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Abstract

From the Introduction:This review aims to answer the question: what is the threat of climate change to birds? Knowledge in this field is advancing rapidly. More is known about birds than any other class of animals, and of all groups of plants and animals the scientific analysis of likely future impacts from climate change is most developed for birds. Furthermore, birds provide some of the clearest examples of impacts already underway.

Abstract

The Technical Paper addresses the issue of freshwater. Sealevel rise is dealt with only insofar as it can lead to impacts on freshwater in coastal areas and beyond. Climate, freshwater, biophysical and socio-economic systems are interconnected in complex ways. Hence, a change in any one of these can induce a change in any other. Freshwater-related issues are critical in determining key regional and sectoral vulnerabilities. Therefore, the relationship between climate change and freshwater resources is of primary concern to human society and also has implications for all living species.

Abstract

This book encompasses inputs from science, policy making and development cooperation with regard to the linkages between climate change, sustainable livelihoods and biological diversity. It presents experiences, challenges and alternatives to scientists and practitioners for commonly assessing the needs of poor livelihoods to successfully cope with climate change as well as for bridging the gap towards a meaningful implementation of adaptation measures.

Abstract

Bolivia is particularly vulnerable to the impacts of climate change for six basic reasons:

1. It is one of the poorest countries in Latin America and suffers from one of the worst patterns of inequality. Low-income groups in developing countries are the most exposed to climate change impacts.

2. It is the country in South America with the highest percentage of indigenous people, where much of the poverty and inequality is concentrated.

Abstract

Climate change is the primary long-term challenge facing Oregon’s people, ecosystems, and economies. Immediate action is needed to prepare for and proactively adapt to the consequences of climate change. State-level preparedness will be critical in coping with projected changes such as increased temperatures, rising sea levels and increased storm surges, declining snowpack, more frequent extreme precipitation events, and an increased risk of drought and heat waves. These changes have already created a broad array of secondary effects in Oregon’s ecosystems.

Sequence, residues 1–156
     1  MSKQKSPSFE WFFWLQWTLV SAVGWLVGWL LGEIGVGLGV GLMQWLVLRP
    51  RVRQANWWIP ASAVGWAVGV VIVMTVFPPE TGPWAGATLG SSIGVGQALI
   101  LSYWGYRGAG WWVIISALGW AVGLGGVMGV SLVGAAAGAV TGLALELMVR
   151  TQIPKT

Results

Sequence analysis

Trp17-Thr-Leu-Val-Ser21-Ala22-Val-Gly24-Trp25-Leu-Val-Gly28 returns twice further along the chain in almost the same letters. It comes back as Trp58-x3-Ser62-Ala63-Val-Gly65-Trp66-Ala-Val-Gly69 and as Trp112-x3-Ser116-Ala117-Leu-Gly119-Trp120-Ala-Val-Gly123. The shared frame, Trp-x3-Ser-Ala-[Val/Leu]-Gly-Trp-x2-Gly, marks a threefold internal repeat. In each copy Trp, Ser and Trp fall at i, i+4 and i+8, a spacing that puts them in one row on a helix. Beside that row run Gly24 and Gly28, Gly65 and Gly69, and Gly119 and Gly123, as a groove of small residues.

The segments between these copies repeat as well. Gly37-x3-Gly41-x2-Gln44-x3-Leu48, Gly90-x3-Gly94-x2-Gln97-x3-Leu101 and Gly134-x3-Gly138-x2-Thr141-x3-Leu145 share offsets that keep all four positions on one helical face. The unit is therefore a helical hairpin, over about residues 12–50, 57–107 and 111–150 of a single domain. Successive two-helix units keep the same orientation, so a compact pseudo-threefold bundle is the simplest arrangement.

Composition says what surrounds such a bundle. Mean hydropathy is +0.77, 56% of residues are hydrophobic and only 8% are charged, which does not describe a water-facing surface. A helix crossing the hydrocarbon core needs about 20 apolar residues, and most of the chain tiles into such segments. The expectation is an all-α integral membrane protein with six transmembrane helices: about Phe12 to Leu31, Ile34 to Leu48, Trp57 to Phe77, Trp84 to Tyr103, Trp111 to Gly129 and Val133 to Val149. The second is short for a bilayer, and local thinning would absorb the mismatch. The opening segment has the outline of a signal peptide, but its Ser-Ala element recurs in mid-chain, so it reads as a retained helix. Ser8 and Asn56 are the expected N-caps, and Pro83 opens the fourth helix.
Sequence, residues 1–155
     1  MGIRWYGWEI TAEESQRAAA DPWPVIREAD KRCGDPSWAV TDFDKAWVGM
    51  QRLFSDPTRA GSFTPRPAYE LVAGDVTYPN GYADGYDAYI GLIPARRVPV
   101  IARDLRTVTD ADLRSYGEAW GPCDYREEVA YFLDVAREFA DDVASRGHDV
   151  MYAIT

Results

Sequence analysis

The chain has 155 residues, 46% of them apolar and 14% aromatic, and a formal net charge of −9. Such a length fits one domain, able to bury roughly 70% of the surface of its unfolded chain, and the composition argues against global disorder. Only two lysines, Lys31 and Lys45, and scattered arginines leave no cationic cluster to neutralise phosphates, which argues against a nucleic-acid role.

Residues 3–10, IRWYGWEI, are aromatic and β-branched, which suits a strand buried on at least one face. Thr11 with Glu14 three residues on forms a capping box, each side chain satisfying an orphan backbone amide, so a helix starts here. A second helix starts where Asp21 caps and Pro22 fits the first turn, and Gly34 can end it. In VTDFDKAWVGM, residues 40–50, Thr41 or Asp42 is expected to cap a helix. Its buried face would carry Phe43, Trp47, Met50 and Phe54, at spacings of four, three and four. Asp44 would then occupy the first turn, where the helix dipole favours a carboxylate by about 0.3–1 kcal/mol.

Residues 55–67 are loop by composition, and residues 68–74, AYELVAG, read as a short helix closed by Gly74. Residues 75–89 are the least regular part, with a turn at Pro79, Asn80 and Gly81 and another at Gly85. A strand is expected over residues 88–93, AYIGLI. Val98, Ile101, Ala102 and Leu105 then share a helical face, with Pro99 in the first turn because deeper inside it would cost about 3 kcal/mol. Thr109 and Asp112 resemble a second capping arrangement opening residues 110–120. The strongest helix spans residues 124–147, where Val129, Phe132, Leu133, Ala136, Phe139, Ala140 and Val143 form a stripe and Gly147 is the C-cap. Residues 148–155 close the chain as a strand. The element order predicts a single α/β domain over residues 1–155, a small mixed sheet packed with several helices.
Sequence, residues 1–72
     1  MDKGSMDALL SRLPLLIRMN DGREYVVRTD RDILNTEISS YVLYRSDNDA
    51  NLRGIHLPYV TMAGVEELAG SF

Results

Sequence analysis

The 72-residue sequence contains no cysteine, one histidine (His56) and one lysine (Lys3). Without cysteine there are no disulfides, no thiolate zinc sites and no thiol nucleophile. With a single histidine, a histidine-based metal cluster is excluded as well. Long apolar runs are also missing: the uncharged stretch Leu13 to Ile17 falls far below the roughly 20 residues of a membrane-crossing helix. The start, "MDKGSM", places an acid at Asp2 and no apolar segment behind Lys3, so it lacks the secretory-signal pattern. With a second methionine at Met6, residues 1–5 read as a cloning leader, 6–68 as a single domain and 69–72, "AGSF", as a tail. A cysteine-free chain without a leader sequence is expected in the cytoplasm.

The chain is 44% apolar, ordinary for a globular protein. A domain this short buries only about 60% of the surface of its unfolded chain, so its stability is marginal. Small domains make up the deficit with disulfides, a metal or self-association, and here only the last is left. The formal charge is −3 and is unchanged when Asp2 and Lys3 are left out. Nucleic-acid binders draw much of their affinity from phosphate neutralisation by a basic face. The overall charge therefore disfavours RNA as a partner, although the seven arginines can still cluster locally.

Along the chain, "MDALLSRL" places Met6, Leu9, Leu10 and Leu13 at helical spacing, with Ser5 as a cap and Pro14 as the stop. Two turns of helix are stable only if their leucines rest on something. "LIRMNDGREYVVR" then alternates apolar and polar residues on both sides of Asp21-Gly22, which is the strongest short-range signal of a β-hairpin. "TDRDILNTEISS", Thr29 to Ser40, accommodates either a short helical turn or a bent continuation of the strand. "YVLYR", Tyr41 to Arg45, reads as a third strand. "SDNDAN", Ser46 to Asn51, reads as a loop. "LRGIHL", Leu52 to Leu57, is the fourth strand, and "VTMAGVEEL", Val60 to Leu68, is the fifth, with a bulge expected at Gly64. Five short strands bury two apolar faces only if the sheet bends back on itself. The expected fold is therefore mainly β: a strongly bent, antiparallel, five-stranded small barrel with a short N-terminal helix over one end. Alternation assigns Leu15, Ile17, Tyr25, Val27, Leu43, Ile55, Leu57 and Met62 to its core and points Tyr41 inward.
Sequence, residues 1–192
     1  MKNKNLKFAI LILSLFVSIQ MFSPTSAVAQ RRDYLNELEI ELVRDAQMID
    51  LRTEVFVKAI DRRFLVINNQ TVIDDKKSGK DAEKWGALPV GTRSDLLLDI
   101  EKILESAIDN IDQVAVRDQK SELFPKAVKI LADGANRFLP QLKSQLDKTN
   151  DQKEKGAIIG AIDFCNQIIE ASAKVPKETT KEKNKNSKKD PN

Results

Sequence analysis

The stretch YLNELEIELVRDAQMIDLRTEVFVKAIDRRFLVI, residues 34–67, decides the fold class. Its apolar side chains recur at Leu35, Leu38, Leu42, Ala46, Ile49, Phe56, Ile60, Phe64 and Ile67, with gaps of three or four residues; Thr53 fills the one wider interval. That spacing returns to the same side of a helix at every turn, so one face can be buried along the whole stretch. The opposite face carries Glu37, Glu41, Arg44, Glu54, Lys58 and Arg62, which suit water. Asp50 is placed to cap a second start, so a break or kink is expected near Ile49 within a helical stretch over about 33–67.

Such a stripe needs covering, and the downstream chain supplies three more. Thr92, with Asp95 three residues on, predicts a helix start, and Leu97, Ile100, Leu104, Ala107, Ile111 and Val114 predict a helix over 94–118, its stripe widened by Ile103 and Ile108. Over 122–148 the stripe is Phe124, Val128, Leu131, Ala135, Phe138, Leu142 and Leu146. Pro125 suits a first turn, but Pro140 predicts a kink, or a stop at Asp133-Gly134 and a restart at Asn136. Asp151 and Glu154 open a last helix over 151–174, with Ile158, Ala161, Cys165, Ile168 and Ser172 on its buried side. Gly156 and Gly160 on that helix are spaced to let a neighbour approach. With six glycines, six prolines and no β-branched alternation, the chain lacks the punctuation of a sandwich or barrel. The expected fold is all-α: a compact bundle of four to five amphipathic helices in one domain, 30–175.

Abstract

Whatever happens to future greenhouse gas emissions, we are now locked into inevitable changes to climate patterns. Adaptation to climate change is therefore no longer a secondary and long-term response option only to be used as a last resort. It is now prevalent and imperative, and for those communities already vulnerable to the impacts of present day climate hazards, an urgent imperative. Successful adaptation must be accomplished through actions that target and reduce the vulnerabilities poor people now face, as they are likely to become more prevalent as the climate changes.

Abstract

This book, in English, French and Spanish, provides an overview of the Mediterranean forest conservation and management challenges posed by climate change. It addresses relevant issues, like forests’ vulnerability to climate change and past climate change responses which may guide future policies and actions.

Abstract

Bangladesh is one of the most climate vulnerable countries in the world and will become even more so as a result of climate change. Floods, tropical cyclones, storm surges and droughts are likely to become more frequent and severe in the coming years. These changes will threaten the significant achievements Bangladesh has made over the last 20 years in increasing incomes and reducing poverty, and will make it more difficult to achieve the MDGs.

Abstract

Building resilience into mangrove conservation plans requires an understanding of how mangroves will respond to climate changes, what factors help them survive these changes, and, consequently, which mangroves are most likely to survive these changes. This publication provides a welcome reference for all stakeholders in mangroves, especially coastal communities, to assist them in encouraging decision makers to apply resilience principles in all development and conservation programmes.

Abstract

Climate change is already affecting millions of people worldwide. In urban areas, which are typically characterized by significantly higher population density, climate change will exacerbate and compound existing climate vulnerabilities, especially for the urban poor. As a result of climate change, it is expected that storm frequency and intensity will increase, flooding will become more serious and droughts will affect food production in rural areas, which will have damaging effects in cities. Coastal areas are particularly threatened by inundation from storm surges and sea-level rise.

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